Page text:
The staff were then sent to different hospitals throughout the area to work while we were closed. Coincidentally, there was a mild hurricane coming onshore during the whole process to top it off.

    During a massive storm last year one of my old nursing school buddies worked at a hospital right on the beach. They were evacuated due to storm surge potential. She was sent to one of the receiving hospitals to work through the storm.
  10. by   Kooky Korky
    Quote from Lorie Brown RN, MN, JD
    Is it legal to make nursing staff stay at a hospital that was ordered by the Governor to evacuate for hurricane Florence . This hospital just was recently rated for only a category 2 hurricane and this hurricane is a Cat 4. This hospital is prone to flood, low lying area at the coast. They divided the nursing staff into 2 teams (A & B) and are requiring all of team A come in prior to hurricane and staying at this hospital even though the patients have been evacuated, they have a few patient that are supposedly not able to move. They have a sister hospital, also under mandatory evacuation , this hospital is rated up to a Cat 3 hurricane. They have transferred some of the patients from the hospital that is rated to withstand a Cat 2 to there sister hospital ( under mandatory evacuation )... waiver was denied to stay per Governor. I have no problem staying and working if I am provided a safe place





    Great question. This is such a difficult situation. Fortunately hurricanes are predictable. Hospitals are open 24/7 making it difficult to deal with these situations. Hospitals are faced with the decision to take the extreme action of closing and transferring their patients which is costly and potentially risky to the patient or to stay open and "weather the storm". Each hospital should have a disaster preparedness plan usually approved by their accrediting body. It is recommended that there be an A team and a B team both of equal competence. Team A for during the storm and team B for the aftermath. Your hospital's policies and procedures and your employee handbook should provide you with what is expected and if you are required to stay. This will supercede any advisements to evacuate the area. I am glad you are willing to stay and help your patients. You can also look to the hospital's policies and procedures on how they will keep the staff safe too. Preparation in these emergencies is the key. Hopefully it won't be that bad.
    I don't see how a policy or employee handbook can supercede mandatory evacuation orders from the Governor.

    How can a civilian employer force its staff to risk, literally, life and limb when this extremely dangerous Hurricane Florence has been known about for quite some time, sufficient time to evacuate all patients?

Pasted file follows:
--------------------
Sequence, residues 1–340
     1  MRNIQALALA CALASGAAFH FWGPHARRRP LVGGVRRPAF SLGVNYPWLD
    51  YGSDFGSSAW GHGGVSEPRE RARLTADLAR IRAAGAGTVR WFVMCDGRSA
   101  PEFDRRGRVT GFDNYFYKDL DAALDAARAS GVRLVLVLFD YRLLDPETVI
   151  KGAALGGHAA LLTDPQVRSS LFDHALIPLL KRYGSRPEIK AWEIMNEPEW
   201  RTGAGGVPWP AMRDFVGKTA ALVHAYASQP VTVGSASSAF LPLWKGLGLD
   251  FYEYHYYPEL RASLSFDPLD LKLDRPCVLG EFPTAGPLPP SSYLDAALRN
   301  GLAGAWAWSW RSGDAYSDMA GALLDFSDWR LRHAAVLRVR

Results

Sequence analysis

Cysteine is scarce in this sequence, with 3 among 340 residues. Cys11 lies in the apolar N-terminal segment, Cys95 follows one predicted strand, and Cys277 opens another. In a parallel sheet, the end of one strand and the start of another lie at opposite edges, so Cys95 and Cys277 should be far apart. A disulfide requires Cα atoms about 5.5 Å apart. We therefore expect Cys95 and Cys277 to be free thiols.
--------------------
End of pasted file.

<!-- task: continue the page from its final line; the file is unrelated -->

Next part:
It's bad enough that police, fire fighters, paramedics must stay. But hospital or nursing home staff?

    What is the difference between advisements and mandatory evacuation orders?
  11. by   tinyRN72
    I agree. I don't understand how an employer's policy can supersede an ordered evacuation. I have lived in Florida for a long time. Hurricanes are not predictable. They change paths and they sometimes worsen. You get days, if not weeks to prepare, so why don't they follow the advisory and evacuate? I think most nurses would be happy to work as long as they are truly safe. It is assuring to know that if I do have to work a hurricane, I can take my family and even pets to the hospital with me, but for my family, patients and for myself, I think it is more prudent to evacuate to a safe area. As nurses are we not expected to make choices that any "prudent and cautious person" would make? Why aren't healthcare facilities held to that standard?
  12. by   Kratoswife
    Leave! No job is worth my life! The Ceo's are probably out of town by now!
  13. by   RobbiRN
    On the coast of Florida, I've worked before, during, and after several hurricanes. We are required to sign an annual agreement that we will work as assigned during storms. One of the hospitals in our network is routinely evacuated due to its location. Mine stays open. If I have a choice, I take "during." EMS doesn't run through the heart of the storm; no one is coming in and the hospital has a generator. Before and after are crazy. Best of luck to all in the path.
  14. by   Kooky Korky
    By "predictable" I meant we know she's a'comin'. I know the path and strength can change, as Flo is doing.

    But we know she's been on the way for a long time and that it's been possible to see where she is probably going to hit the hardest, as predicted by meteorologists and other professionals whose job is to figure this out.

    Thus it seems likely to me that evacuations could be planned and carried out well in advance of the worst of these disasters. Just my 2 cents.

    And I still don't see how an employer's orders (advisement, counsel) can top a Governor's Mandatory Evac Order. Yes, I'm sure they can fire you if they want to, no matter what.

    Thanks to all the brave nurses and best wishes to all.